Betty Ballantine

From Wikipedia, the free encyclopedia
Jump to: navigation, search

Betty Ballantine (born September 25, 1919) is an American publisher, editor, and writer. She and her husband Ian Ballantine helped create Bantam Books in 1945 and established Ballantine Books in 1952.[1][2] They became freelance publishers in the 1970s. Their son Richard is an author and journalist specializing in cycling topics.

Ian and Betty Ballantine won one special World Fantasy Award for professional work in 1975 and another one shared with Joy Chant and other creators of The High Kings (Bantam, 1983), a reference book on the Matter of Britain that incorporates retellings. (It was also a runner-up in nonfiction Hugo and Locus Award categories.)[3][4] Betty Ballantine received a Special Committee Award from the annual World Science Fiction Convention in 2006 and a World Fantasy Award for Life Achievement from the World Fantasy Convention in 2007.[3][5] The Ballantines were both inducted by the Science Fiction Hall of Fame in 2008, with a shared citation.[6]

Betty Ballantine wrote a novel, The Secret Oceans, published by Bantam in 1994 (ISBN 0553096605) with illustrations by twelve artists.[7] School Library Journal wrote, "This info-novel is a modern-day, ecology-oriented 20,000 Leagues Under the Sea for kids."

Trivia[edit]

In 1956, radio humorist/improvisational monologist Jean Shepherd perpetrated a major literary hoax, telling his listeners to ask in bookstores for a non-existent book by a non-existent author: I, Libertine, by "Frederick R. Ewing". The requests and publishing mystery reached such a level that Ian Ballantine asked science fiction author Theodore Sturgeon, working with Shepherd, to write such a book, and he did. It's said that Sturgeon fell asleep before finishing it and that Betty Ballantine wrote the final chapter. It was published in September 1956, mostly in paperback, and sold several hundred thousand copies. There is a hardcover edition (also by Ballantine Books), as well as British hardcover and paperback editions.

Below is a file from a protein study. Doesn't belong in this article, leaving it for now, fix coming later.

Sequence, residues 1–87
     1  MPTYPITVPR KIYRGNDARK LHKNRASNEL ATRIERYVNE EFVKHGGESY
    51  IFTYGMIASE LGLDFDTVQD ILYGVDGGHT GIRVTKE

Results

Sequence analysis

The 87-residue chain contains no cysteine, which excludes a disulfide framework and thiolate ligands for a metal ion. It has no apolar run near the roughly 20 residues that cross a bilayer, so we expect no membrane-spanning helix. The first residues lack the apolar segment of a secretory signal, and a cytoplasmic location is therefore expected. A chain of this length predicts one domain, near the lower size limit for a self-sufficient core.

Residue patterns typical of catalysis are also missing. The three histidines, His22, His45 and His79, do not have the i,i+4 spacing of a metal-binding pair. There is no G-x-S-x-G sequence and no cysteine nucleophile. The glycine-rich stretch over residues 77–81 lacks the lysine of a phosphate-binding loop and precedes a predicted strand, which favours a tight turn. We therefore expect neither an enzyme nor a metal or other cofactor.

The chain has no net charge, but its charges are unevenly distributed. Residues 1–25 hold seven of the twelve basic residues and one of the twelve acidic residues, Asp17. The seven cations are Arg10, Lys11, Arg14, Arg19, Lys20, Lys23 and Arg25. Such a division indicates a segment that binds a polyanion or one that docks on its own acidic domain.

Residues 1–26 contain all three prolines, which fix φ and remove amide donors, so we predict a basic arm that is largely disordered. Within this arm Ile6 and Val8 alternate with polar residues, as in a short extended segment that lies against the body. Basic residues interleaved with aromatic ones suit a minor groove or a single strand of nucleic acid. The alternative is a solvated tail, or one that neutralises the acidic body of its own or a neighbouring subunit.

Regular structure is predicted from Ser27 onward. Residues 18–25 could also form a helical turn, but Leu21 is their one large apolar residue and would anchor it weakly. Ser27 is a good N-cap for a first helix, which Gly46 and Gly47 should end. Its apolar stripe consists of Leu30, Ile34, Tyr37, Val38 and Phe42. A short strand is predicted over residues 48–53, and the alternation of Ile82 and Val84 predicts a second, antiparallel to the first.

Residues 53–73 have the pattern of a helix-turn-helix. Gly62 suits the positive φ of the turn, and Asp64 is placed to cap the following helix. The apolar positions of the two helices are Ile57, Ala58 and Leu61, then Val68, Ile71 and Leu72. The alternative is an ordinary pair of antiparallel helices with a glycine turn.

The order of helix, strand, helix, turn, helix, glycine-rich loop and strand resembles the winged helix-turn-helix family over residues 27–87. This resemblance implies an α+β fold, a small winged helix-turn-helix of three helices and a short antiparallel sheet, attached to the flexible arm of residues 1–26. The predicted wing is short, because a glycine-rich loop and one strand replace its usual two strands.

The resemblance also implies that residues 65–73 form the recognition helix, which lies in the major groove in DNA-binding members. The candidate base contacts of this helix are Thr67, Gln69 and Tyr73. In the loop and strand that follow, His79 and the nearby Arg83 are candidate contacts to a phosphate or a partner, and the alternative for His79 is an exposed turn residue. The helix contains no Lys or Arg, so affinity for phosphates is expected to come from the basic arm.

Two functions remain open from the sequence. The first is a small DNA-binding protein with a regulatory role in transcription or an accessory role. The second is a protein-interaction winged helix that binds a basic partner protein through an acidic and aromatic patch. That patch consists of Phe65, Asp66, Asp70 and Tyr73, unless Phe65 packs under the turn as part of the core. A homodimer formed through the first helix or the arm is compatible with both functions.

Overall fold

See also[edit]

References[edit]

  1. ^ Clute, John; Peter Nichols (1993). "(title?)". The Encyclopedia of Science Fiction (New York: St. Martin's Press). pp. 83–84. ISBN 0-312-09618-6. 
  2. ^ "Paperback Publishers: 1952 – Ballantine Books". Hyde Park Books. Archived 2012-04-17. Retrieved 2013-04-08.
  3. ^ a b "Ballantine, Betty". The Locus Index to SF Awards: Index of Literary Nominees. Locus Publications. Retrieved 2010-07-05. 
  4. ^ The High Kings title listing at the Internet Speculative Fiction Database (ISFDB). Retrieved 2013-04-08. Select a title to see its linked publication history and general information. Select a particular edition (title) for more data at that level, such as a front cover image or linked contents.
  5. ^ World Fantasy Convention (2010). "Award Winners and Nominees". Retrieved 2011-02-04. 
  6. ^ "2008 Science Fiction Hall of Fame Ceremony Tickets On Sale May 15". Press release April/May 2008. Experience Music Project and Science Fiction Museum and Hall of Fame (empsfm.org). Archived 2008-05-10. Retrieved 2013-03-19.
  7. ^ "Betty Ballantine – Summary Bibliography". ISFDB. Retrieved 2013-03-21.

Further reading[edit]

External links[edit]